All 30 Mapplethorpe photographs from the Kinsey collection will be featured, along with materials that address the controversy surrounding the 1989 exhibition and the culture wars of the early 1990s. 'Still Life Photographs' (1997-2012) will feature over fifteen of the Letinsky's photographs that feature food and the remnants of domestic interactions with food.
"Robert Mapplethorpe: Photographs from The Kinsey Institute Collection" will go on display Oct.10 through Nov. 22 at Indiana University's Grunwald Gallery. Presented jointly by the Grunwald Gallery and The Kinsey Institute, the exhibition marks the first time this group of photographs has been publicly shown.
Mapplethorpe is considered by art historians to be one of the most significant artists of the 20th century. His striking black-and-white photographs capture a classical beauty that is both formal and raw.
In 2011, The Kinsey Institute received a gift of 30 prints from the Robert Mapplethorpe Foundation . These photographs dating from 1976 to 1985 are excellent examples of Mapplethorpe's more challenging work. Some of the gelatin silver prints are nude or clothed portraits, while others contain explicit homosexual and heterosexual imagery from the New York S&M scene.
At the time of the gift, foundation president Michael Stout described the works as some of the artist's "most memorable and most difficult." The Kinsey Institute was chosen to receive this group of photographs because of its scholarly mission and IU's storied record of academic freedom, Stout said.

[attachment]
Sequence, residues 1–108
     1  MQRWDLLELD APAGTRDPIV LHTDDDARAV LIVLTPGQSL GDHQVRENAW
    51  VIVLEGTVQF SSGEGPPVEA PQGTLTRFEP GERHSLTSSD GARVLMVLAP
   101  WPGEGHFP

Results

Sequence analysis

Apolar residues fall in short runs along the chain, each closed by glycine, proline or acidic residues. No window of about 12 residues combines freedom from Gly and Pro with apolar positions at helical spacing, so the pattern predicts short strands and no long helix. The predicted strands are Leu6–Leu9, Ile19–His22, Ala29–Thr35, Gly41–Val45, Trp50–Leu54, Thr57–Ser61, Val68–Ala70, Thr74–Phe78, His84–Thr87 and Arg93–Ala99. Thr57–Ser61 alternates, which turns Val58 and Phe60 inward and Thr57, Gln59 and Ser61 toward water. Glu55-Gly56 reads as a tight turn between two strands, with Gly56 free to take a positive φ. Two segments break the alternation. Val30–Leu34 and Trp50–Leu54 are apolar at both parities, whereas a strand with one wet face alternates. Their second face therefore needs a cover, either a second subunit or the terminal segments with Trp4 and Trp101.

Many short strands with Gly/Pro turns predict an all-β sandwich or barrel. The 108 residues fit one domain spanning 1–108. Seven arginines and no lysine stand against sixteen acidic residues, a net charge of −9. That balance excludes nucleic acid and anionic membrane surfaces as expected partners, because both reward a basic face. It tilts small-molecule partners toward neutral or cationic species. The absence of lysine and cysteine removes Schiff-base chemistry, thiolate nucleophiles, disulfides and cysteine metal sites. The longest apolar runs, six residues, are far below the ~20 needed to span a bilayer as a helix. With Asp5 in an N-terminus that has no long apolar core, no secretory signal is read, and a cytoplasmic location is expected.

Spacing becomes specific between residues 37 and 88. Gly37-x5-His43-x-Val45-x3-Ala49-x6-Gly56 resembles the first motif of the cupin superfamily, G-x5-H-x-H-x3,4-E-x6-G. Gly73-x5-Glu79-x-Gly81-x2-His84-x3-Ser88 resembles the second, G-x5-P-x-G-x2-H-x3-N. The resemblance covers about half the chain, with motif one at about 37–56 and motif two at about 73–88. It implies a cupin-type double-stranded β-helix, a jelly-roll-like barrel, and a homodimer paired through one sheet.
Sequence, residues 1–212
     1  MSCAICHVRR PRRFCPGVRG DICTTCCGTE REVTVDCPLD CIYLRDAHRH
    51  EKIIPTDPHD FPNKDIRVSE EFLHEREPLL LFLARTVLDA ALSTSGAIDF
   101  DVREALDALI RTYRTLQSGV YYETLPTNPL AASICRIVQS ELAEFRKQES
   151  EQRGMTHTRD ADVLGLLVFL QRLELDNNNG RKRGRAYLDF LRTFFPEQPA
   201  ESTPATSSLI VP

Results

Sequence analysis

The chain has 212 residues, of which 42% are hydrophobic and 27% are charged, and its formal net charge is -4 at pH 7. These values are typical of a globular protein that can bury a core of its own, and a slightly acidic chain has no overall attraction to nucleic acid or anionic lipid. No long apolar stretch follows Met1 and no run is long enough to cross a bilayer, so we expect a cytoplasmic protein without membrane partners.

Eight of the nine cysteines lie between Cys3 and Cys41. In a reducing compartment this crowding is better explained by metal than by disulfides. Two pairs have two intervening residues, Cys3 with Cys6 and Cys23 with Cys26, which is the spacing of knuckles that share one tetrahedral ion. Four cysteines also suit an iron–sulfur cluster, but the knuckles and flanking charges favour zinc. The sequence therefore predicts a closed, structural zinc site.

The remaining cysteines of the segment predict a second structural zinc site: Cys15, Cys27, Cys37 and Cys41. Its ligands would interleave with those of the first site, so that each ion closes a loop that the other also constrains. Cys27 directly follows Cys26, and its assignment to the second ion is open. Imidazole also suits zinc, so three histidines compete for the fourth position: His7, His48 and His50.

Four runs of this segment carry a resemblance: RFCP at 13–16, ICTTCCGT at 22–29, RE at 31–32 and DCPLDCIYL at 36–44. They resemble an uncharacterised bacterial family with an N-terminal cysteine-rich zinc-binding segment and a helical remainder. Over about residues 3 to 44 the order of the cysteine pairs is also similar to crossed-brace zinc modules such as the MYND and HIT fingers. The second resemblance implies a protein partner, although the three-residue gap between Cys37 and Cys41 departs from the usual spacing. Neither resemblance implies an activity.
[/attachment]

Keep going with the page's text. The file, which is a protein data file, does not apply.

On Oct. 10, photo critic Philip Gefter will deliver a lecture on "Robert Mapplethorpe, Sam Wagstaff, and the Gay Sensibility." The event will take place at 5 p.m. in Room 102 at the Henry Radford Hope School of Fine Arts. An opening reception will follow from 6 to 8 p.m. at the Grunwald Gallery.
Gefter writes about photography for The Daily Beast. He previously covered the subject at The New York Times for more than 15 years. Aperture recently published his book of essays, "Photography After Frank."
In 2010, Gefter produced the acclaimed feature-length documentary, "Bill Cunningham New York." His current project is "Wagstaff: Before and After Mapplethorpe -- A Biography," which will be published by W.W. Norton & Co. in November.
On Oct. 24, Andrew Moisey will present the gallery talk "Robert Mapplethorpe: Pleasure and Pain" at noon in the Grunwald. Moisey is a postdoctoral fellow at the Center for Cultural Analysis at Rutgers University.
Though Mapplethorpe is well known for a variety of subjects, including celebrity portraits and flower studies, his more explicit photographs have sparked a wider public dialogue.
In 1989, a retrospective of Mapplethorpe's work, "The Perfect Moment," helped ignite a fierce culture war after Republican Sen. Jesse Helms discovered that the National Endowment for the Arts had awarded the Institute of Contemporary Art in Philadelphia $30,000 toward the exhibition. A battle ensued over the government's role in funding for the arts.
One year later, the same exhibition provoked local law enforcement in Cincinnati, Ohio, to accuse Cincinnati's Contemporary Arts Center and its director of pandering pornography and promoting obscenity. A famous trial resulted in which the definition of art itself was the essential issue. Art and the exhibition prevailed, as all charges were dismissed.